Home Affairs: Minister's Budget Speech


10 Jun 2008



10 JUNE 2008

Madam Speaker
Deputy Minister Malusi Gigaba
Honourable Members
Director General and Senior management of the Department
Chairperson and CEO of the Independent Electoral Commission
Chairperson of the Film and Publications Board
Chairperson of the Refugee Appeals Board
CEO of the Government Printing Works
Our Distinguished Guests
Comrades and Friends

On 7th of September 2001, we witnessed one of our proudest moments as a nation at the successful conclusion of the UN World Conference Against Racism Xenophobia and other related Intolerances.

After nations of the world chose South Africa as an exemplary and fitting host for that historic conference, we pledged to enjoin our voice in declaring this century, as the century to advance the fight to end racism, xenophobia and other intolerances.

We need to answer the question as to why is it that today the world has reason to doubt our commitment to this very declaration made here on our soil.
Tomorrow the 11th of June will mark a full month since the outbreak of xenophobic violent attacks in the township of Alexandra in Gauteng.  While many South Africans from all walks of life have already expressed outrage and condemnation for this deplorable acts of prejudice, we want to use the opportunity of this budget debate to rededicate all our people to the principles of human solidarity, compassion, the fight against prejudice, and the cooperation of all sections of our society to find lasting solutions to the problems facing our country and our region.

On behalf of all South Africans who have embraced and continue to work tirelessly for democracy, I apologise to all those, South Africans and foreign nationals, who fell victim to the crimes of hate that have blotted our image at home and abroad. In total 60 people have died. Of these 22 are South African (19 died in Gauteng). Ten were from Mozambique, 5 from Zimbabwe, and 1 from Somalia.  The nationality of 22 victims is yet to be determined. 

We should reiterate that despite the problems that we face, South Africans should find constructive ways to engage with each other and find solutions to those problems. 

To wrongfully educate young people that their suffering is caused by the arrival of foreign nationals and South Africans from other parts of our country, completely runs against the ethos on which our democracy was fought for and attained.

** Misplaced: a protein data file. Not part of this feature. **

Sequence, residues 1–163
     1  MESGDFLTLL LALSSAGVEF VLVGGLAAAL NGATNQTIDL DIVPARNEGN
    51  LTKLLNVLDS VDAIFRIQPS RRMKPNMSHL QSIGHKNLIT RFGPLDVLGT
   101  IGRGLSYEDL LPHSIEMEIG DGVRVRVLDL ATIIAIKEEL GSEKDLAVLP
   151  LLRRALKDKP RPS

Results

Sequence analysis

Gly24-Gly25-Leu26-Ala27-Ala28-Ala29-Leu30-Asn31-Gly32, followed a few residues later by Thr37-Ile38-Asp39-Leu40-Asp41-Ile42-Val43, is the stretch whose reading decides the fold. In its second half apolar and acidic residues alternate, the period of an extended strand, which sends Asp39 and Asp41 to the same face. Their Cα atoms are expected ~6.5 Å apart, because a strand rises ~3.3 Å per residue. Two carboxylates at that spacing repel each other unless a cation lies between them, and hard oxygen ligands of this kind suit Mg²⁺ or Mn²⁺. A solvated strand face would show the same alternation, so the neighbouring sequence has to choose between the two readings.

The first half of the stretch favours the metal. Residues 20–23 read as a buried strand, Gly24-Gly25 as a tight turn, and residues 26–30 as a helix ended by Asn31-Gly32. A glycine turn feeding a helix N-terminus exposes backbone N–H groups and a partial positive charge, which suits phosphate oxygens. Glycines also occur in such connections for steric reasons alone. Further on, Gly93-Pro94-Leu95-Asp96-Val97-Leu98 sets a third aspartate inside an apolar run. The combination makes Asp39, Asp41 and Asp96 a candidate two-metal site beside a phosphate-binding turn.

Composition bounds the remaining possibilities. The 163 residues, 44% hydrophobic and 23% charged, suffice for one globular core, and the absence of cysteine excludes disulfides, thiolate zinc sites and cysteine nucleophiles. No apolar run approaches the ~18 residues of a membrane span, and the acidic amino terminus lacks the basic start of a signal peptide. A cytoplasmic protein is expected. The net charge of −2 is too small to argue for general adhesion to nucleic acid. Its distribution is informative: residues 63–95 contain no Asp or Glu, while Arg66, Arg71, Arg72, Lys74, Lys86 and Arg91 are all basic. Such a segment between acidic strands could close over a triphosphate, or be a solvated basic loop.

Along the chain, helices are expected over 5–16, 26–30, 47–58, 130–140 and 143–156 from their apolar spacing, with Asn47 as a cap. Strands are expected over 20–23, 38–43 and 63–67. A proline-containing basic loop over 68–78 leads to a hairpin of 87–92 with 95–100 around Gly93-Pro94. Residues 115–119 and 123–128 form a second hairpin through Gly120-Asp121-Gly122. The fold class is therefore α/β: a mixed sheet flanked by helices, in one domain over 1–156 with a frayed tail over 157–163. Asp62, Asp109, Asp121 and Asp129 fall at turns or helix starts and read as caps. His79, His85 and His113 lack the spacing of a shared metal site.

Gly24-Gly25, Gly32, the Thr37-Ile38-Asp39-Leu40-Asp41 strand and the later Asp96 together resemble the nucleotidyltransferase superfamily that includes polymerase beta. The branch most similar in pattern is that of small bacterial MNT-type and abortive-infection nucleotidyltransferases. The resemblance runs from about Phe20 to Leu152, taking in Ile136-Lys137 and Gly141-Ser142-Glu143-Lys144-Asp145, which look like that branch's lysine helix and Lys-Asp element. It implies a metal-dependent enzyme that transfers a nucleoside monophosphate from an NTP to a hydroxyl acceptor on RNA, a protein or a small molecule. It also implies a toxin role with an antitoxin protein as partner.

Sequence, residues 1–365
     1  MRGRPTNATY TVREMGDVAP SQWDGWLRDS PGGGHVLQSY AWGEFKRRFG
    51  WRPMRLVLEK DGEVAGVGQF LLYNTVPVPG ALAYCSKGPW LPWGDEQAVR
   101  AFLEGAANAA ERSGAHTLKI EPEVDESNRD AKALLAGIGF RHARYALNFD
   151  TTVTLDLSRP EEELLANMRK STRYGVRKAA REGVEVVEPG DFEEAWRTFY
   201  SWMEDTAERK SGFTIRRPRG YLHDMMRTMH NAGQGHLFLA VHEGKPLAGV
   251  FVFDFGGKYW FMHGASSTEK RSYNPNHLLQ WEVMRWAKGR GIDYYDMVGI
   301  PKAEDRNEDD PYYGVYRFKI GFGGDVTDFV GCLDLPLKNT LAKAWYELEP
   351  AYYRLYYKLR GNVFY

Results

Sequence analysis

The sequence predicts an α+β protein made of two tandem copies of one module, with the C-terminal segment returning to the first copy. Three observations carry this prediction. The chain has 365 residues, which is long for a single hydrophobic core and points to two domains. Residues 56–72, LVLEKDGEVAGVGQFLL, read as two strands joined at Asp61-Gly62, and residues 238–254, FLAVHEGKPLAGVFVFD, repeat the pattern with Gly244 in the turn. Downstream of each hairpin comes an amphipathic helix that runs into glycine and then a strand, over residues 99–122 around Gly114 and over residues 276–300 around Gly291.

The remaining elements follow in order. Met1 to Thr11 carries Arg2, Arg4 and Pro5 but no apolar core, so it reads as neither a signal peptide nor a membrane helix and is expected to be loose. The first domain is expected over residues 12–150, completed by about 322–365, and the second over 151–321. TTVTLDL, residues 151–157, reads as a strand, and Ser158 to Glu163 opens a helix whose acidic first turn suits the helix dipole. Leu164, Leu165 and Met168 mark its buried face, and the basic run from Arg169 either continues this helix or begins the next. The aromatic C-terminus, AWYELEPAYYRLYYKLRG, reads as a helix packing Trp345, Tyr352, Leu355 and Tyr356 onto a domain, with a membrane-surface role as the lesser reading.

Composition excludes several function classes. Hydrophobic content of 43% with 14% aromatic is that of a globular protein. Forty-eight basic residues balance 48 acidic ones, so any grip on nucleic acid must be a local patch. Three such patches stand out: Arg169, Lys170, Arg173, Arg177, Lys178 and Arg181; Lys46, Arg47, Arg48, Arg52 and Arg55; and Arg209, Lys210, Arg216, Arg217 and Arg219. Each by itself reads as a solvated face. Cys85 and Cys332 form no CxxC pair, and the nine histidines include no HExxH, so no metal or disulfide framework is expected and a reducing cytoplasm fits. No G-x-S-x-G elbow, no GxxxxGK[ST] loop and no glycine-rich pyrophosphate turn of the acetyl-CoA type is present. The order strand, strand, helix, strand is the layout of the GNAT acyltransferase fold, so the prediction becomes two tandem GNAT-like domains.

The response of our country and government demonstrates that which we can achieve as society when we work together.
The real damage and after effects of these acts of criminality, committed in the name of our people, will still be felt in our country long after the tents have been dismantled, and way beyond the street patrols of police and soldiers in our communities.  It will remain in the minds of our children who witnessed and participated in these horrific incidences.  It will define the lessons we are teaching these children about how they should deal with challenges and how to treat other human beings in the future.

With you permission, Madam Speaker, I’d like at this stage to invite the House to stand and observe a moment of silence for those who lost their lives during these attacks.

Thank you,

Madam Speaker

I believe that I will be speaking for many of my colleagues, thousands of our officials and millions of our people, in pronouncing this Budget debate on Home Affairs to be the most significant and important. 

Not only because this is be my last Budget Vote for the current term of Parliament and government, but also because this budget is going to fund the implementation phase of our Turn Around Programme in building the New Home Affairs. 

In line with the overall theme of government, for business unusual, we have now moved beyond the planning stages and we have started to implement real deliverables whose impact can be felt by our people on the ground. 

As pronounced by myself during my Budget Vote last year, after the report of the Support Intervention Task Team I believe that I have laid the foundation by bringing in a high level team of experts to initiate the Turn Around process. 

Central to the vision of the Turn Around is our customers (our people), their needs, their preferences and most importantly, our obligation to serve them in a convenient and efficient way, with a consistency that runs throughout the entire organization.  In a nutshell, our vision for the transformation of the department is premised on the need to give effect to our people’s rights - for this reason, it still remains our battle cry that “there is no option for failure”.

Of course, many challenges still face the department of Home Affairs, but I can confidently say that the Turn Around is changing the way we do business: the way we work and the attitude of our staff. This can only reverberate down to enhance the experience of our customers when they visit our offices.

Madam Speaker,

Last year when we delivered our budget vote I indicated that the building of the new Home Affairs should be about setting realistic delivery targets and meeting them consistently and efficiently.  We had undertaken to do everything to ensure that we can offer our clients reliability and agreed to use the platform of Parliament to report on the progress we have made.  We have asked that you should assess us not only on the pronouncements we made before you, but on our ability to deliver on our plans.  We are here to report that we have succeeded in realizing the key deliverables of the first phase of the Turn Around.